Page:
Although I get 4 months off over the summer, with 2 kids it becomes very hard to make time for the studio without an overwhelming sense of guilt. I’ve brought home a couple easels and some painting materials so that I can work both at home and the studio.
Lately, I’ve been playing with Adobe Photoshop CS6 new “content aware” tool. You highlight an object in a photo, press delete and a dialog window pops up. A new option called content aware analyzes what’s around your selection and tries to figure out what would be behind the object you’re deleting. it creates some unusual outlines that I thought would be interesting as a painting. They also make me think about memory and events that, although they happened, are no longer part of my memory.
From Tokyo Art Beat
“Softly spread in silky thin layers, Abe’s color reverberates against the white walls of Base Gallery with a calming dreamy sensibility. Layered segments begin to feel like the stratified sediment of psychedelic soil, as the paintings manipulate a varied palette into a smoothly harmonious voice. And as if to emphasize this gentle quality the colors all move lazily with the slight sense of a ripple or wave beckoning us in further.
More so it was in the slight deviations from flattened surfaces that the most enjoyable moments in Abe’s work appeared. Several curious details broke the images sharpened lines and spoke out with a voice less calculated. In one work, a small row of grey blocks indicated depth as it led to what appeared to be a tunnel, while in another image a patchwork of violet grays suddenly offered detail amid a row of residential silhouettes. But the uncertainty about what these moments might mean in relation to the narrative and the painting as a whole proved a particularly satisfying. These sudden instances of thickened paint and articulated detail in a building or field seemed more magical in a way, as though their existence was a note of willingness to fumble amid a field of careful deliberations.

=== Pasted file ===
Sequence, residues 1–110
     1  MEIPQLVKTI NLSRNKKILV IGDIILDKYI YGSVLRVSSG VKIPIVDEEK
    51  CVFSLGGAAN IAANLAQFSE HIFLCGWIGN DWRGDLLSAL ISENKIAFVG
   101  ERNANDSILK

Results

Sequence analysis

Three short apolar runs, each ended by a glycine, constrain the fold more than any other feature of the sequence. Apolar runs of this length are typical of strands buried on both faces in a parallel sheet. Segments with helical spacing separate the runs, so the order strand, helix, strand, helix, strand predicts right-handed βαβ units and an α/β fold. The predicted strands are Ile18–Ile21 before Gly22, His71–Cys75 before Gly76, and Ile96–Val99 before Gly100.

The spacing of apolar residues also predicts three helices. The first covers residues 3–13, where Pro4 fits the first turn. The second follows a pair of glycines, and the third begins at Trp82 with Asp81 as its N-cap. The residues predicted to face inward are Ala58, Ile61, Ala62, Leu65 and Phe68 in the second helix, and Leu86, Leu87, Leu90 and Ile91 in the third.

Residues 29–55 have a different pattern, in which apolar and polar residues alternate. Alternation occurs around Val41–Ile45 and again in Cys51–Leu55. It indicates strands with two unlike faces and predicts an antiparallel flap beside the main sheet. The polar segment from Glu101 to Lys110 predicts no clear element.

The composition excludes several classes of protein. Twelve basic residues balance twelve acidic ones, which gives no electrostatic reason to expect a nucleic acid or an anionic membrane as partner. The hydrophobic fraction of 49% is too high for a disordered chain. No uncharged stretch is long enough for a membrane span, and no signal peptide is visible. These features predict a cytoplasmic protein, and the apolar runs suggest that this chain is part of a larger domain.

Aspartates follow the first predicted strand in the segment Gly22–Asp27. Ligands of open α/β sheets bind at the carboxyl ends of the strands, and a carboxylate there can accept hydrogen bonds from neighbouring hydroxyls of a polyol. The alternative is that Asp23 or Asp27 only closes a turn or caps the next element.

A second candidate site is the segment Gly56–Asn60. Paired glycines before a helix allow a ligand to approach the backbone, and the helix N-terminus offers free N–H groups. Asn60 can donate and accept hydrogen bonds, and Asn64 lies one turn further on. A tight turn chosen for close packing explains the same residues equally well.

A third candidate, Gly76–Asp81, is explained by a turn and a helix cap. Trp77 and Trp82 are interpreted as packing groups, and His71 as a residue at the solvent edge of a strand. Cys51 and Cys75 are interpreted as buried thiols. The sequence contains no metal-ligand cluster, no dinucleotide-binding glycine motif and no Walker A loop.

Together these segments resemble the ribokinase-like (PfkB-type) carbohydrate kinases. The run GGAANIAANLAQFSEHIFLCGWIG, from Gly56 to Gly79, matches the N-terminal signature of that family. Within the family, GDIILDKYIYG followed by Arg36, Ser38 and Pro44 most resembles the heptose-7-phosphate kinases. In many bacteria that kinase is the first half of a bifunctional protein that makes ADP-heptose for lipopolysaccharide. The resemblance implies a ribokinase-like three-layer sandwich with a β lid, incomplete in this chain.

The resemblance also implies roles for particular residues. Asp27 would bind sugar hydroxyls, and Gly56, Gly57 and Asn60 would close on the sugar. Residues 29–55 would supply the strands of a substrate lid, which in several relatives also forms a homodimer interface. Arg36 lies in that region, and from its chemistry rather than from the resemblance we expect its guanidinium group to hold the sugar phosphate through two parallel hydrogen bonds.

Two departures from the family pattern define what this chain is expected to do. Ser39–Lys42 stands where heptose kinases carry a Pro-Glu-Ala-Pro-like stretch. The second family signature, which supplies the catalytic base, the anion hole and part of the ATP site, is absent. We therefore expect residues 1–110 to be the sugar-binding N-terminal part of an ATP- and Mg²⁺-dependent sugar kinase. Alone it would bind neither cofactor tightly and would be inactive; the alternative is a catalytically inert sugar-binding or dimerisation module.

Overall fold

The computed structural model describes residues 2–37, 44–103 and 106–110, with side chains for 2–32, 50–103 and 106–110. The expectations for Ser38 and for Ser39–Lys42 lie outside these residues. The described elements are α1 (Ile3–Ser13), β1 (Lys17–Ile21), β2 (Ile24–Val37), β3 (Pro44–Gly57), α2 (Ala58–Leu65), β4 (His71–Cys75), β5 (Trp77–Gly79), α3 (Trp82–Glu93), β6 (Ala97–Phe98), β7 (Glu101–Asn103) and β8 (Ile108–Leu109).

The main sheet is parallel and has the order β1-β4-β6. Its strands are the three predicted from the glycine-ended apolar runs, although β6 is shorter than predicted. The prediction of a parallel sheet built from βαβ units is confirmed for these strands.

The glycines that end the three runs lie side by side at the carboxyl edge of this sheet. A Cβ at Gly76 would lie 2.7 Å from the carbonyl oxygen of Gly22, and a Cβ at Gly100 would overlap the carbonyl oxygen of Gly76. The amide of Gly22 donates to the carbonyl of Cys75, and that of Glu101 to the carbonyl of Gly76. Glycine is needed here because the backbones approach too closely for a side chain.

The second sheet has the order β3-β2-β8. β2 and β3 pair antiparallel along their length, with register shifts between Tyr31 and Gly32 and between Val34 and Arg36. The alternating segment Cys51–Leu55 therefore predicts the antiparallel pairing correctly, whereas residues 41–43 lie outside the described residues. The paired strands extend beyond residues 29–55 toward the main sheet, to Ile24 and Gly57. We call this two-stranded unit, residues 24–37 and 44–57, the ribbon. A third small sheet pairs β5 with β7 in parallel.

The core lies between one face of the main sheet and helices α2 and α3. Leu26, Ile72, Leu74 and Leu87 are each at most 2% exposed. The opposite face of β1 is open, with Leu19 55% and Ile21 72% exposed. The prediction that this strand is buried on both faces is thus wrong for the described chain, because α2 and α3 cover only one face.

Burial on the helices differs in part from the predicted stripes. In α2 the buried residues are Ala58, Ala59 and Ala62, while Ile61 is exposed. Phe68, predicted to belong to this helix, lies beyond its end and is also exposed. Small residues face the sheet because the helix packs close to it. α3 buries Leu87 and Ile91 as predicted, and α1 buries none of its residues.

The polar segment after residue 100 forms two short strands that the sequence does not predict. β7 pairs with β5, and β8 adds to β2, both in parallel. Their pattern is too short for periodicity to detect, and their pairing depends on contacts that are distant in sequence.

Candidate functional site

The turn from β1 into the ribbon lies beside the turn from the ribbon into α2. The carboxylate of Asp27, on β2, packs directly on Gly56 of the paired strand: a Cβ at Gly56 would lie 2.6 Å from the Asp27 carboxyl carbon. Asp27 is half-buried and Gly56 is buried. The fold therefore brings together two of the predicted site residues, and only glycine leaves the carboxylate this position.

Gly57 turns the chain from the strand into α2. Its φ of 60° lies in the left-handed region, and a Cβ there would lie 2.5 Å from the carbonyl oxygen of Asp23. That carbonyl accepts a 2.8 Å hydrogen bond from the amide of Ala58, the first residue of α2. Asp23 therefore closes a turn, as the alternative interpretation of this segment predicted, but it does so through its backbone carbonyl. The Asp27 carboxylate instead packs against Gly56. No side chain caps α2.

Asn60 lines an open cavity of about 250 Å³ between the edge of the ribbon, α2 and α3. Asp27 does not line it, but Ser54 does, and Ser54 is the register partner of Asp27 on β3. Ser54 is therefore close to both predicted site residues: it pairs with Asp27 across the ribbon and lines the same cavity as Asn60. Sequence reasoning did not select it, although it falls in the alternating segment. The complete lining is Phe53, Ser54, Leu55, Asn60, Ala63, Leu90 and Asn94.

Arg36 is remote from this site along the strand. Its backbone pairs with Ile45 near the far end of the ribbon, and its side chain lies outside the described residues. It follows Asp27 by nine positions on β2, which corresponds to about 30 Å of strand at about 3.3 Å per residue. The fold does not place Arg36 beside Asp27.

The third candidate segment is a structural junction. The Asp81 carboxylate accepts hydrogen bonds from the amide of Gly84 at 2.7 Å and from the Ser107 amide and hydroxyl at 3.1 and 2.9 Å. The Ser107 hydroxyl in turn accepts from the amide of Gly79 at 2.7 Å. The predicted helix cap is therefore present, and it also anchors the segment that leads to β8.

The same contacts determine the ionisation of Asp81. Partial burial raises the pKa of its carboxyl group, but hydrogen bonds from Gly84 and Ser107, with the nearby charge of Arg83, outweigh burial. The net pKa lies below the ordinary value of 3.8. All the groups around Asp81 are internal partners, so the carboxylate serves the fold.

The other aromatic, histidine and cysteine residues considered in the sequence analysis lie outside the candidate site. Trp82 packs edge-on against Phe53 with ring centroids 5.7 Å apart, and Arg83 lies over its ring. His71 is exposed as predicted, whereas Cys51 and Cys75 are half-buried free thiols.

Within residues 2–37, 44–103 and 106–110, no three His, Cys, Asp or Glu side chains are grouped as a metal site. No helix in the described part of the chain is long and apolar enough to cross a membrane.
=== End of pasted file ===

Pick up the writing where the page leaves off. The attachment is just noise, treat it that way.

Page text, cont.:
Yet as with most digitally manipulated imagery however, the evidence of Adobe was readily apparent and left the impression that although these works seemed so alluring at the moment, they might perhaps lose some of their presence overtime. Still, bathing in the warm safe colors of these landscape meditations it was easy to believe that these better places existed somewhere, and Abe had found them and returned with these glimpses to share.”
I saw this artist’s work at the Frist Center for the Arts in Nashville, TN and at first was unimpressed with what I took to be pastel color field paintings. Looking at them closer I was amazed at the level of detail and complexity, not to mention story telling, with each of these paintings. No reproductions do them justice, as the details are just too numerous to capture.
Art in America
by Jerome Tarshis
Berkeley-based artist Dean Byington makes only five to 10 works per year. Ranging from 4 to 8 feet in height, his oil-on-canvas paintings are filled with detailed renderings of grass, trees and flowers, which invite the viewer to read them as landscapes. Their flattened space has an all over quality akin to modernist painting, and their small, repeating elements suggest the additive character of a Chinese scroll. They belong to a tradition of picture making that undertakes to possess the world by sheer enumeration of parts and multiplication of detail.
Together with his labor-intensive drawing style, Byington’s use of a narrow, almost monochromatic range of color evokes the austerity (and also the authority) of printer’s ink. His compositions, rendered freehand and with stencils, are derived from 19th-and 20th-century illustrations. The rabbit in King and Queen, for example, could have been plucked from John Tenniel’s illustrations for Alice in Wonderland; in the same painting, the rats gathered around the corpse of a larger animal belong in some children’s book rather less high-spirited than the Alice stories. Byington’s work depends on our knowledge of cultural shocks and material spoliation, past and present. Nevertheless, these are not visits to a timeless Victorian nursery; while Byington’s paintings depict trees in leaf and flowers in bloom, they also have more than their share of stumps and bare patches of earth.
Through countless visually seductive paths suggesting nostalgia for the stylistic tropes of Victorian and early 20th-century engravings and innocuous evocations of menace, these paintings provide us with a few unobtrusive reminders that awful things have happened. Old fairy-tale books are still there for us, but Chekhov’s cherry orchard has long since been cut down.